Pakistan's forgotten treasure

First established in the historic Frere Hall in 1951, The National Museum of Pakistan was later privileged an independent building in the famous Burns Garden in Karachi city.

The museum was inaugurated by General Yahya Khan; a former president of Pakistan, on 21st February 1970. The museum comprises a comprehensive array of cultural heritage dating from the Stone Age.

The material consists of pre-historic artifacts down to artifacts from the meticulously planned Indus Valley civilization, which prospered for more than a millennium dating back to 2500 BC.

Traditionally, museums embarked as classified collections of affluent individuals or associations pertaining to art or extraordinary artifacts. Public admittance was only granted to a ‘special’ few at the will of the owners.

But as time progressed these artifacts were shared and displayed publicly with pride in order to educate and teach people more about history.

Currently in Pakistan, museums are not given as much importance as they had in early times and are often left unvisited in comparison to the yester years. Efforts for excavations have also been reduced since the archaeological department is not functioning effectively.

In some cases, no updates were provided as to where exactly the fossils, found during excavations made by foreign archaeologists, were placed. It was foreign archaeologists who had helped discover dinosaur fossils in several areas of Balochistan.

The total allocated federal; budget for the fiscal year 2011-2012 was Rs.2767 billion whereas the provincial budget for Sindh was Rs.457.5 billion. Ironically, the annual budget, allocated for Sindh's culture department, was a meager 0.8 per cent of the total provincial budget, which amounted to Rs.403 million.

This explains why the reconditioning of historic sights to withstand decay such as ‘Makli Tombs’ becomes more of a challenge. A part of reinforced walls in Mohenjodaro also collapsed recently due to salinity.

The National museum stood mostly unoccupied with just a small number of students visiting – this seemed enough to delight the eager and exceptionally knowledgeable curator.

Though the subject is often revised and remembered, the artifacts and atypical items from the past that lead to modern day civilization are left placed behind glass cabinet, with just a small number of people to visit them.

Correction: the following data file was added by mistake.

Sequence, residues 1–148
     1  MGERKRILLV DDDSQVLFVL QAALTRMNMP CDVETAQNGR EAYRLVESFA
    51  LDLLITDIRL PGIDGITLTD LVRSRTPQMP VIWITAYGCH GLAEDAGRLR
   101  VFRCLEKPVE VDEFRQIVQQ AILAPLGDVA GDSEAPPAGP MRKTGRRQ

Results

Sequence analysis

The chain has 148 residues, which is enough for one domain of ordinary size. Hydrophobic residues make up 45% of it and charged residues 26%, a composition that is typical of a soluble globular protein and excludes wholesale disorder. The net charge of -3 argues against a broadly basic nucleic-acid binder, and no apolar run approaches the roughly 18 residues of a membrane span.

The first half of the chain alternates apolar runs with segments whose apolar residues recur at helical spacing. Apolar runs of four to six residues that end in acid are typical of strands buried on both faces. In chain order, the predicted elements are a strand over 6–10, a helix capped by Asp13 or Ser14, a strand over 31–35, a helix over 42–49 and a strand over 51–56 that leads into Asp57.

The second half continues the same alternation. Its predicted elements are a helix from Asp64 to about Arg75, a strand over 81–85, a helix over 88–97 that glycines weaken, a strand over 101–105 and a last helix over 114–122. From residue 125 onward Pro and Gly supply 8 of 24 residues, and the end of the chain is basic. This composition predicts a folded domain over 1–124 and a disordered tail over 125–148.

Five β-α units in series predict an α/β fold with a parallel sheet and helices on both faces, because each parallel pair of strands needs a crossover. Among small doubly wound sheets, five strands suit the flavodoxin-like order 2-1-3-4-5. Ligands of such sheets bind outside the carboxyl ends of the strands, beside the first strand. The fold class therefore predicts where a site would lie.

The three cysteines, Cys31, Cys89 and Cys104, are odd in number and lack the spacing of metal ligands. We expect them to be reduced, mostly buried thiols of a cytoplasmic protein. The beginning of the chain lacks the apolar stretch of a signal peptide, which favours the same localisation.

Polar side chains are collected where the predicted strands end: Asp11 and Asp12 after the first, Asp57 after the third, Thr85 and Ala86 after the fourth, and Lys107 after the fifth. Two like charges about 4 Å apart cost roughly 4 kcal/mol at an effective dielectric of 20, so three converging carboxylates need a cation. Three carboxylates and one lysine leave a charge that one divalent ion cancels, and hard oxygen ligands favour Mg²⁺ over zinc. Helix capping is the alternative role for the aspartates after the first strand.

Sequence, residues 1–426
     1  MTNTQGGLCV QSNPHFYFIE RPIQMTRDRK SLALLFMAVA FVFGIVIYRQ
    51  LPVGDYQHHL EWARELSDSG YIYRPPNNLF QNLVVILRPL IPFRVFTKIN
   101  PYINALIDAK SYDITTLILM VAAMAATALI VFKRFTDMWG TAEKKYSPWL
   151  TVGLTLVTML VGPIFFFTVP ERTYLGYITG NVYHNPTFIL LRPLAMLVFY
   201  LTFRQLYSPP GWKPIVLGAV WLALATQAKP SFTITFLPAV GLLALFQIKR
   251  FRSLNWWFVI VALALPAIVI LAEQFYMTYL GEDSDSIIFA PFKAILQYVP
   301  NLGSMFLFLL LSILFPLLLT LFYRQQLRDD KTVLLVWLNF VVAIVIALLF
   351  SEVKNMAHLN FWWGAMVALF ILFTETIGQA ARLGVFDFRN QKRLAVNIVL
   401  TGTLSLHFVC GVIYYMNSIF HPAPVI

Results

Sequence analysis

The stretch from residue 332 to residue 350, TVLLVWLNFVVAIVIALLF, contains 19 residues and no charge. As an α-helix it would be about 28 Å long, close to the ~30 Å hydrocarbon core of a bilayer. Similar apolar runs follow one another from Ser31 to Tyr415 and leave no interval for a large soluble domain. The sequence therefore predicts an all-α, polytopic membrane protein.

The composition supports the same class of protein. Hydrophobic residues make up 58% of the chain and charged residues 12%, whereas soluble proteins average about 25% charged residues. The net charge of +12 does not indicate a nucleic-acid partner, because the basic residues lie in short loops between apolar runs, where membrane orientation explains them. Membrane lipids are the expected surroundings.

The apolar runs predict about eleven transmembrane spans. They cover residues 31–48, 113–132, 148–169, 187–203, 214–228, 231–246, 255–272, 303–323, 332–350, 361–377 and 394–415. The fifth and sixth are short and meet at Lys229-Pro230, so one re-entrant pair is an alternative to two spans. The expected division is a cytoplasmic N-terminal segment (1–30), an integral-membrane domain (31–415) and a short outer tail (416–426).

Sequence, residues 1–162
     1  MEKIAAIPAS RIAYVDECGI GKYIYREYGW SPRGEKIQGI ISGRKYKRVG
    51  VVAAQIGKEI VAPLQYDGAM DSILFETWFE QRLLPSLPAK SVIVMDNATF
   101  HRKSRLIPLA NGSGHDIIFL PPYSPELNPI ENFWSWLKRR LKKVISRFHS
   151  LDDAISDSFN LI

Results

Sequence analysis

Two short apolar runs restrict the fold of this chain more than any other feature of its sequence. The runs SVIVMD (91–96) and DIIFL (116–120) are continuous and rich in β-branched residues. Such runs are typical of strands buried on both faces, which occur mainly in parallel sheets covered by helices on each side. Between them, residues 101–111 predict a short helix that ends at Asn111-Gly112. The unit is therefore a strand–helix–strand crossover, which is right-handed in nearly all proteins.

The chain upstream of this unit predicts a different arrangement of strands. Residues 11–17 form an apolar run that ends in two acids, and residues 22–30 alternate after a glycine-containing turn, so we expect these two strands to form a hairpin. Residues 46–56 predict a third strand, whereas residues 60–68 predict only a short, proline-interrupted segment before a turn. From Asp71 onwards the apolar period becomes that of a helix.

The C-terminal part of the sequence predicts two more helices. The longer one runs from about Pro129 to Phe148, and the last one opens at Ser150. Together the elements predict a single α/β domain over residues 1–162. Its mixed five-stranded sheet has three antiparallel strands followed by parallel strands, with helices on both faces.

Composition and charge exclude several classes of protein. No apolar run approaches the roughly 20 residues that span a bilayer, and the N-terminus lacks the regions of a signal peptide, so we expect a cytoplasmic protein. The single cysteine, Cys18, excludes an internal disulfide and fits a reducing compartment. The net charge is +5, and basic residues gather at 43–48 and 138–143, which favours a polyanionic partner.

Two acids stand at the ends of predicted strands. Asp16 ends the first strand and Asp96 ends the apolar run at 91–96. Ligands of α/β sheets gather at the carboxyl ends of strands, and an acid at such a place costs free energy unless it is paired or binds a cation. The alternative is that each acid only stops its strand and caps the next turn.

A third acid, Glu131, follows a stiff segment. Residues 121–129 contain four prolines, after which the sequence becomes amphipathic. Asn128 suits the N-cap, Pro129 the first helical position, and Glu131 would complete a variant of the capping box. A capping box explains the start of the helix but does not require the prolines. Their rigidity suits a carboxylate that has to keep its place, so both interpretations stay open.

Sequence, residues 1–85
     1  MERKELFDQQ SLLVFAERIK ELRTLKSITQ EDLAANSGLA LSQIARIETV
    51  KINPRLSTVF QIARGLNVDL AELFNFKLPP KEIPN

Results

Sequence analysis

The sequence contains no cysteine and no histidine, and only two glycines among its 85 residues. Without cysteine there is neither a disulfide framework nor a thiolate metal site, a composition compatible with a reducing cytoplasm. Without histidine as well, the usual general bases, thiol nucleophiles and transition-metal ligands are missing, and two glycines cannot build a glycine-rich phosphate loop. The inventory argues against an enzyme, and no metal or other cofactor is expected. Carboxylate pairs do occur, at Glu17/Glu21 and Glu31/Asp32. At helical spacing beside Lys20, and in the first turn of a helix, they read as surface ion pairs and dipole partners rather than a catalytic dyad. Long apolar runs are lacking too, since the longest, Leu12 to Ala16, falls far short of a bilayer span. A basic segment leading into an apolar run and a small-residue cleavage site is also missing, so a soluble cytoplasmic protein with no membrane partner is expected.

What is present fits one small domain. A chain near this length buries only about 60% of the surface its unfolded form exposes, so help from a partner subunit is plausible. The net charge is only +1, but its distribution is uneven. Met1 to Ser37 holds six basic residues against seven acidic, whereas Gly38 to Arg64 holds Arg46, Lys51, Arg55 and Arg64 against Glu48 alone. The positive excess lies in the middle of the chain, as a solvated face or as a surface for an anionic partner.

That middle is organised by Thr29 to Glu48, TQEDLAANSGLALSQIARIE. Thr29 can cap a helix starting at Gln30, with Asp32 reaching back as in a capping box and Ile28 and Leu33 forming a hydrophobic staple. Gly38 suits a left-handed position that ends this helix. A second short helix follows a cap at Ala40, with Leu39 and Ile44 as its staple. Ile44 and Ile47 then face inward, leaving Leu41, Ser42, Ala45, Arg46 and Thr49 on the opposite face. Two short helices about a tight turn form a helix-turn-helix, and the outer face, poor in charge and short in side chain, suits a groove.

However recently, the Sindh government has sanctioned Rs.100 million for the preparation of a master plan for rehabilitation and cultural tourism of Mohenjodaro and the Punjab government and the search engine giant Google have signed a Memorandum of Understanding (MoU) to promote archaeological sites of the province using Google Maps.

There have also been recent advancements in the archaeological findings of Pakistan in certain areas of Sindh, such as, the mound Nathar-j-Daro in Larkana and recent excavations in Bhanbore.

—Text and video by Shameen Khan/Dawn.com

Comments (4) (Closed)


sona
Mar 24, 2012 11:03pm
what a wonderful videos these days we are getting
Farooq Khan
Mar 25, 2012 08:05pm
This country is stuck in time. I find similar artifacts made today in smaller cities all over Pakistan as toys. Looks like no improvement has occurred in the quality of these handicrafts. Perhaps Pakistan and Pakistanis both are stuck in time. For example ill-treatment of women is a reflection of continued primitive culture of Pakistan.
Agha Ata
Mar 26, 2012 07:22am
How can one be proud of these treasures when the history of that time is removed from the text books?
rk singh
Mar 26, 2012 03:31pm
does anybody in pakistan acknowledge them as treasure?